Crackdown on false holiday illness claims

By Kevin Peachey
Personal finance reporter

Image source, Getty Images

Legal costs for package holiday sickness cases will be fixed under new rules aimed at deterring false claims.

Similar controls are in place for other personal injury claims, but they will now be extended to cases when holidaymakers seek compensation.

The travel industry says claims have mushroomed in recent years despite illness in resorts declining.

Travel agents are now calling on the government to ban cold calls encouraging people to make a claim.

The Association of British Travel Agents (Abta) said there were about 35,000 claims over holiday sickness in 2016, a 500% rise since 2013.

The industry said the total cost of all claims was £240m in 2016 and the growth in cases risked raising holiday prices for all.

It said that many tour operators were put off challenging cases in court owing to the potential of spiralling legal costs.

In turn, this is said to have prompted claims management companies to encourage tourists to seek holiday sickness compensation.

The government asked the Civil Procedure Rule Committee, which is responsible for setting rules on legal costs, to consider bringing package holiday claims under the same rules as personal injury claims.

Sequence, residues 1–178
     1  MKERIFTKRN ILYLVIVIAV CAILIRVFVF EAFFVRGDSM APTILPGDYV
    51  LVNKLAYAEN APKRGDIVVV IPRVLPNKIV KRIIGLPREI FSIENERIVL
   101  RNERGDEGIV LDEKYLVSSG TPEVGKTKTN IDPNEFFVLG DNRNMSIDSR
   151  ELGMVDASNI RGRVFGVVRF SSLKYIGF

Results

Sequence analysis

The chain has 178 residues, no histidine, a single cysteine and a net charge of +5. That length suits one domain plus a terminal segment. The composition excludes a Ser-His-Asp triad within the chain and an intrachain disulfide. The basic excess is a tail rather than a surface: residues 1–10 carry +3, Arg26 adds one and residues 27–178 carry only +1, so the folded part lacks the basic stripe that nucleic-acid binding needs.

The committee has approved that move and the limits on legal costs will take effect in the coming weeks.

Image source, Getty Images

Justice Minister Rory Stewart said those claiming compensation when they had not been being sick on holiday was fraud.

"This damages the travel industry and risks driving up costs for holidaymakers. This behaviour also tarnishes the reputation of British people abroad. That is why we are introducing measures to crack down on those who engage in this dishonest practice," he said.

Mark Tanzer, chief executive of the Association of Travel Agents said: "Closing the legal loophole before the summer should lead to a reduction in the number of false claims.

"We encourage the government to keep this matter under review and continue to pursue a ban on cold calling by claims management companies in relation to sickness claims."

What about genuine claims?

Julie Vallance, legal director at Lime Solicitors

"As soon as a holidaymaker suffers from sickness while on holiday abroad, and if that holidaymaker really believes that it is because of, say, food poisoning from the hotel, he or she should:

  • Report the illness to the holiday representative
  • Ensure that a written record of the complaint is recorded and ask for a copy
  • Seek medical attention and obtain a copy of the doctor's record
  • Keep any receipts for any medication purchased and keep receipts for any taxi fares incurred in seeking medical advice
  • Speak to other holidaymakers in the same hotel to establish whether or not others have also suffered from the same or similar sickness and get their names and addresses

"A package holiday sickness claim, like any other personal injury claim will only succeed if it can be proven that the individual suffered as a result of negligence, on the balance of probabilities. Solicitors will only receive costs on successful claims."